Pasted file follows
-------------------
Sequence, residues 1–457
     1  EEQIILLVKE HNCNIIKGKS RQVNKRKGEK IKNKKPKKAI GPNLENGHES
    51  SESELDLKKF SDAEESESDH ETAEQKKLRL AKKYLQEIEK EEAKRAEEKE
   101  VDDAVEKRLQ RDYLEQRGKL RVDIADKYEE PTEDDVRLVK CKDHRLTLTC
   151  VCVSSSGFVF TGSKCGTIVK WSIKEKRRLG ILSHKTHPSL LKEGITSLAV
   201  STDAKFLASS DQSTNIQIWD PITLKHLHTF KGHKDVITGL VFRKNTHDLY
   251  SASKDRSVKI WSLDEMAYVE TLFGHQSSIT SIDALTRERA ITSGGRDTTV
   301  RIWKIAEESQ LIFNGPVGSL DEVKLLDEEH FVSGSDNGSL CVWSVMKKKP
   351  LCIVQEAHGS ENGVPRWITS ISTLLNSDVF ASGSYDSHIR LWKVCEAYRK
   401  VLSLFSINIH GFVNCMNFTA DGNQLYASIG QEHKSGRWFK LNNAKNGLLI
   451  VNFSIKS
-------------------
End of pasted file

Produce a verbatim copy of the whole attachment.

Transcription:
Sequence, residues 1–457
     1  EEQIILLVKE HNCNIIKGKS RQVNKRKGEK IKNKKPKKAI GPNLENGHES
    51  SESELDLKKF SDAEESESDH ETAEQKKLRL AKKYLQEIEK EEAKRAEEKE
   101  VDDAVEKRLQ RDYLEQRGKL RVDIADKYEE PTEDDVRLVK CKDHRLTLTC
   151  VCVSSSGFVF TGSKCGTIVK WSIKEKRRLG ILSHKTHPSL LKEGITSLAV
   201  STDAKFLASS DQSTNIQIWD PITLKHLHTF KGHKDVITGL VFRKNTHDLY
   251  SASKDRSVKI WSLDEMAYVE TLFGHQSSIT SIDALTRERA ITSGGRDTTV
   301  RIWKIAEESQ LIFNGPVGSL DEVKLLDEEH FVSGSDNGSL CVWSVMKKKP
   351  LCIVQEAHGS ENGVPRWITS ISTLLNSDVF ASGSYDSHIR LWKVCEAYRK
   401  VLSLFSINIH GFVNCMNFTA DGNQLYASIG QEHKSGRWFK LNNAKNGLLI
   451  VNFSIKS